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Homework Help: Analysis Math Questions

  1. Jan 20, 2009 #1
    Prove using the multiplication axioms that if x is not zero, then 1 / (1/x) is equal to x.

    Prove that there is no rational number, p, such that p^2 = 12

    I know for all x there exists x^-1 such that xx^-1 = 1 but i don't know how to use that to prove the first one.

    For the second one, I understand the proof for p^2 = 2 by contradiction by showing that it was not reduced to lowest term because both a and b in a/b turned out to be even, but i can't seem to duplicate the process for 12.
  2. jcsd
  3. Jan 20, 2009 #2
    For the first one, it's a good idea to show that multiplicative inverses are unique, but I don't think you need to (someone else will correct me if I'm wrong).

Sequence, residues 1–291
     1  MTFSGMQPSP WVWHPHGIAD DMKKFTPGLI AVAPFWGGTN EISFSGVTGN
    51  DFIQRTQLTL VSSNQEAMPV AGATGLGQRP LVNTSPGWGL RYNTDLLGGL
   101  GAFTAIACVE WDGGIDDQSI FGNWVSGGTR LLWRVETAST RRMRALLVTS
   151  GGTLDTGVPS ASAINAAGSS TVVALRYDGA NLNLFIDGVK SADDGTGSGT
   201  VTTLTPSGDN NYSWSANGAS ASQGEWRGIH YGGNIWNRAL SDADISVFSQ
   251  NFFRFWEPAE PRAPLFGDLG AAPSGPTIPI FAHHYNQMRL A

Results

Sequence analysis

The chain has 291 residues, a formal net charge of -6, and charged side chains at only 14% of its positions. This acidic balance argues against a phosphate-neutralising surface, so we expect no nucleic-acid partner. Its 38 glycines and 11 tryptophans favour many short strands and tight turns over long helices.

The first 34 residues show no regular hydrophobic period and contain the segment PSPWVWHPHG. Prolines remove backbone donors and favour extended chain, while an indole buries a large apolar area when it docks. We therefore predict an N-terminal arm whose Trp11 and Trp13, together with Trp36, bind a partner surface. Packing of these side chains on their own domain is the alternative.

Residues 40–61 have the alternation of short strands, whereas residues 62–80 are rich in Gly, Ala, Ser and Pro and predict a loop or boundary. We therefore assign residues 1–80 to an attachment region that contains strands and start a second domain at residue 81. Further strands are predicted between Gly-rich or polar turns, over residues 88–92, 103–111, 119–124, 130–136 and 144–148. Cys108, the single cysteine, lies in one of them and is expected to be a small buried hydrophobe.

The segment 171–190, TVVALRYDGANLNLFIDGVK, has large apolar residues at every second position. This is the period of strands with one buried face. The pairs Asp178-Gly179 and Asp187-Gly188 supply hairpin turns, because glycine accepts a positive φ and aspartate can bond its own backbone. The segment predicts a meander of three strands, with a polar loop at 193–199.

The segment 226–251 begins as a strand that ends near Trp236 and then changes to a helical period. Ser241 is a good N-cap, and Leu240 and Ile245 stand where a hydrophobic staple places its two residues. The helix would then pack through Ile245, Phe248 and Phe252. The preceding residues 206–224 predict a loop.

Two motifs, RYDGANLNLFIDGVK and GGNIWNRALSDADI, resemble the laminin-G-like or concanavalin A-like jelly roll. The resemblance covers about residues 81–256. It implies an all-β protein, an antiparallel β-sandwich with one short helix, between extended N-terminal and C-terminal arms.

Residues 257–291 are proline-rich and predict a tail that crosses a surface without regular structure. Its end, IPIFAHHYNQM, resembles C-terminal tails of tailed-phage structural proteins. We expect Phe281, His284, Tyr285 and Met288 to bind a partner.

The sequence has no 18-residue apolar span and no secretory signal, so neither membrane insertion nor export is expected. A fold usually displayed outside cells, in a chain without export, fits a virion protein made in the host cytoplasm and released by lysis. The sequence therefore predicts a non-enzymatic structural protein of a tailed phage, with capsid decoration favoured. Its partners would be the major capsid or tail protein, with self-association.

Basically, you need to first check that if x =/= 0, then (1/x) =/= 0. You can do this by contradiction. Then you basically apply the multiplicative inverse property to (1/x), and you can do this because you have established (1/x) =/= 0.

    Eh, the duplication process should be the exact same thing. There are a lot of ways to do this since 12 has a few divisors. Suppose (a/b)^2 = 12, then a must be divisible by 12. So let a = 12k.

    EDIT: Actually, it's somewhat important to show that multiplicative inverse are unique. Perhaps the easiest way to do this is by proving that if S is a field and x,y are elements of S with x =/= 0 and xy = 1 for all x,y, then y = x^-1. This follows almost immediately from the axiom.
    Last edited: Jan 20, 2009
  4. Jan 20, 2009 #3
    Thanks a lot. Maybe i'm just stupid, but why is "a" a multiple of 12? (a/b)^2 = 12, so a^2 is certainly a multiple of 12, but i'm not really convinced a is. are you using an axiom? if so which one or ones ? Thanks! ><
  5. Jan 20, 2009 #4
    Hmmm, well a = 12k implies a2 = 144k2 = 12(12k2) so a2 is divisible by 12. Now we can let [tex] k \geq 1 [/tex], so that if a2 is divisible by 12, then a2 = 12(12k2) = (12k)2. Then it's easy to see that the converse holds as well.
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